29 N Venkataraman February 16, 2014 at 1:02 pm

This post has taken an interesting turn. From ‘atariya to ‘atria or atrium’ , balcony, dumahale and in the course we could listen to some beautiful numbers of different genre.

The music for Once Upon a Time in The West (1968) was written and recorded before the film was made. Sergeo Leone played Ennio Morricone’s score for this act. In the film Charles Bronson is identified with mouth organ he carries and others call him ‘Harmonica’. The instrument becomes his identity. In one of the comments I found that the tune was played on a Chromatic Harp in D major scale. Thanks Akji for this number.

The beautiful harmonica strain in Sholay weaves an unvoiced bond between the two characters. I believe the basic tune was suggested by Basu Chakravarty, who used play the cello and the tune was played in the Harmonica by Bhanu Gupta. Thank SSW for jogging our memory.

By the way the Italian word for balcony is ‘ringhiera’.

30 AK February 16, 2014 at 2:51 pm

I didn’t know myself that it would take such an interesting turn!

While Ramesh Sippy’s reference to OUATW is very obvious, Sergeo Leone must have himself taken it from some other classic Westerns, as he did with so many other motifs in the film (the one I like the most is the opening sequence of the baddies waiting for the train, taken from High Noon). However, in OUTAW there was no atariya, nor did Bronson play it for a lady. In fact, when he played the harmonica, it sent chill down the spine. Thanks for adding the information about its music; film music means Hindi film music to me so much that I really miss the music in the Westerns, or Hollywood films in general. Thanks to this discussion, now I can watch these films with special attention to music.

31 SSW February 16, 2014 at 6:05 pm

Thank you Mr. Venkatraman, for reminding me of OUATW. I sat through the 4 plus hours of the new DVD release just a year ago. The music in that film is lovely . Mr.Venkatraman the tune in Sholay is probably played on a diatonic harmonica, as it is in the key of E Flat Major. In OUATW the chormatic harmonica is used to provide, as AK mentions the chlling experience that a set of dissonant notes can provide. Though I must say that the actual parallel in Sholay is Basu Chakraborty’s cello that plays the leitmotif for Gabbar. This may be perhaps the first example in Hindi films of a Wagnerian leitmotif . Usually villains are announced by a profusion of brass but here you only have the cello. Really chilling.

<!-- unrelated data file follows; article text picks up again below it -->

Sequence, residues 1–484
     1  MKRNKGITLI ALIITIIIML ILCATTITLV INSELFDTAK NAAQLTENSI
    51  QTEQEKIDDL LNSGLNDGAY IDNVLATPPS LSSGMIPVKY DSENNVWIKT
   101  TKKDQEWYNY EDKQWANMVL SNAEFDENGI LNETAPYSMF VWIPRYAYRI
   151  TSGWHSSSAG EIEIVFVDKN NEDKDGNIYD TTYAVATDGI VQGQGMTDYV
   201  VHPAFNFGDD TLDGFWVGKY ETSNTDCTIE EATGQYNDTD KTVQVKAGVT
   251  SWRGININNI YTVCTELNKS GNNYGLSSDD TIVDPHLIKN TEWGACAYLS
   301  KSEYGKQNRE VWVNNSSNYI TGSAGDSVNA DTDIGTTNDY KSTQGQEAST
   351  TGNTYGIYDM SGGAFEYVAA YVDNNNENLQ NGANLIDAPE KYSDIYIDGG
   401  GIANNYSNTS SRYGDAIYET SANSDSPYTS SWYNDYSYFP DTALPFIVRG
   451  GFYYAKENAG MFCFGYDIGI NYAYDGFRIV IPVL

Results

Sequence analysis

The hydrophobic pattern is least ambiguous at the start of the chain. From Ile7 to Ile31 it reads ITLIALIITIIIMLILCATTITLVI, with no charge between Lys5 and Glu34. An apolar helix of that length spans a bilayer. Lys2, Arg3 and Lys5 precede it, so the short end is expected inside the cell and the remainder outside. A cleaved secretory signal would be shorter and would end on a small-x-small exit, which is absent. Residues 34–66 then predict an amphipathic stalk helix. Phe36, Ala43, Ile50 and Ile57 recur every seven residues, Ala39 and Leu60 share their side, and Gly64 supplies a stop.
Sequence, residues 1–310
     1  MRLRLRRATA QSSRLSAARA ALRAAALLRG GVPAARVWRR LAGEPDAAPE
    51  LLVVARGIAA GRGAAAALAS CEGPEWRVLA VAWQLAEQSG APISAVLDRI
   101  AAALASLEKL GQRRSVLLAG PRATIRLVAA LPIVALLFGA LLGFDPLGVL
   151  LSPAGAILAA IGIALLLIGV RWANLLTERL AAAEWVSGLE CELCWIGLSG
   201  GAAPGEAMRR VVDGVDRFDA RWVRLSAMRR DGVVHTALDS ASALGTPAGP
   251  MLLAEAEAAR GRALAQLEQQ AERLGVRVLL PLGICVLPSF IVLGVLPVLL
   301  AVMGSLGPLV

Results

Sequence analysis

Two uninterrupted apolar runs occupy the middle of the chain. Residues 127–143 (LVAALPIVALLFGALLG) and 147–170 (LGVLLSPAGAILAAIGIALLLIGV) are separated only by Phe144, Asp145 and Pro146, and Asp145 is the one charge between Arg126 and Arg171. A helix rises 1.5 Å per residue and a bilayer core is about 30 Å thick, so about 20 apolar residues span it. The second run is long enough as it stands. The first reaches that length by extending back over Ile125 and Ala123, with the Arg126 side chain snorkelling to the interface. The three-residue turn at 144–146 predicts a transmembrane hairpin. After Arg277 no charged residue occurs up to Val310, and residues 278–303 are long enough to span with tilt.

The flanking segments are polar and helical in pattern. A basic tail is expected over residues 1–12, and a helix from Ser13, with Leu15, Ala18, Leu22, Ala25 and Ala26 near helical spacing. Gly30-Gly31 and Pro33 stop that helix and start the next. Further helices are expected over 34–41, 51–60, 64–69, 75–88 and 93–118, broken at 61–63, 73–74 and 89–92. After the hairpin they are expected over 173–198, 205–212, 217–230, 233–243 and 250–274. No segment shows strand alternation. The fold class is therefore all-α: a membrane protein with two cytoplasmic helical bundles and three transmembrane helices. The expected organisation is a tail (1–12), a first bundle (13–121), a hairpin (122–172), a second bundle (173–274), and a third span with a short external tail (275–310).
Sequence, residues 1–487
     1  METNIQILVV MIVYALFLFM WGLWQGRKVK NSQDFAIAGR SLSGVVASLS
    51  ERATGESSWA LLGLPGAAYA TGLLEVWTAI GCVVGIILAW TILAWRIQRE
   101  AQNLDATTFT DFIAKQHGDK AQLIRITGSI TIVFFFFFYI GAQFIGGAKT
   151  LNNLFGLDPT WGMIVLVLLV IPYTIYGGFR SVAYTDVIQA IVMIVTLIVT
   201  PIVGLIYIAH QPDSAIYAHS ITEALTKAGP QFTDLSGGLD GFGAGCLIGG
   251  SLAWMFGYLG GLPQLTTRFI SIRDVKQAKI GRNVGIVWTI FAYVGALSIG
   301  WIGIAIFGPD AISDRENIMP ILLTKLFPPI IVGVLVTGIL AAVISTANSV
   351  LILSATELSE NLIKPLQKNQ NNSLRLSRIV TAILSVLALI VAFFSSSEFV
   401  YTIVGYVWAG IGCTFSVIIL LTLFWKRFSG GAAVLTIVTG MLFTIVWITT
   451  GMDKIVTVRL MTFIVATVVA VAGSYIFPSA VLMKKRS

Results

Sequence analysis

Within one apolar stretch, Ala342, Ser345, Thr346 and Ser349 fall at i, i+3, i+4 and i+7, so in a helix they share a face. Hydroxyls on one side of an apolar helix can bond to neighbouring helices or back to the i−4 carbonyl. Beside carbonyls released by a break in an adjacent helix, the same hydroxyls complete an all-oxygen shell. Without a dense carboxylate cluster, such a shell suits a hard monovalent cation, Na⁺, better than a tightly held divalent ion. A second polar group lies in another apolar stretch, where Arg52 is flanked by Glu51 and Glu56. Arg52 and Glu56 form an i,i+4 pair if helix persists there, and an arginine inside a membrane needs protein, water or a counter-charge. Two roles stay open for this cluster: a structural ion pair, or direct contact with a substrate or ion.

To go away even further, from atariya theme, I am reminded of a wonderful Malayalam film starring Mamootty and Neseerudin Shah. Naseer is a landlord and Mamootty a low caste worker on his estate. The film is set in British India (Kerala). The conversations between Naseer and Mamootty are carried out with Naseer standing by his window on the higher floor and Mammooty perched on a palm tree outside the window. This arrangement also serves to highlight the gulf between the two men. Metaphorically the window serves as Mamooty’s and Naseer’s window into two different worlds. The back ground music in this film was composed by Johnson one India’s greatest music directors. He won the national award for it. The film is wonderful the background music excellent. It is available in its entirety on youtube, however there are no subtitles.

And to diverge even further for Mr.Venkatraman one of my favourite songs sung by Kate Wolf which contains a chormatic harmonica, played by Buffalo Norton, see how the notes are bent. Lovely guitar accompaniment too.

32 ksbhatia February 20, 2014 at 12:08 am

AK,ji thanks for the vintage …..mundere…song. There are more such songs where props such as railings , boundry walls [ in punjabi we call them banna ] and vedda [courtyard] etc are used depending upon the intensity and status of love . There is a beautiful punjabi song from the movie …Bhangra….”Batti baal ke banne de utte rakhanni aan…” by Shamshad begum and music by Hansraj Bahel . The song depicts the julliets waiting for her romeo . There are many situations where either hero or heroin is singing a sad song in a barren area , woods or forest and he or she is confined to the courtyard under strict watch of Bapu [father] sitting on a loose bed or a bench puffing hooka .” Yaad mein teri jag jag ke hum….” from Mere Mehboob is the one song coming into my mind and there is one masterpiece ”Duniya badal gaayi meri duniya badal gayi….” from Babul. This beautiful song is a milestone in black and white cinematography .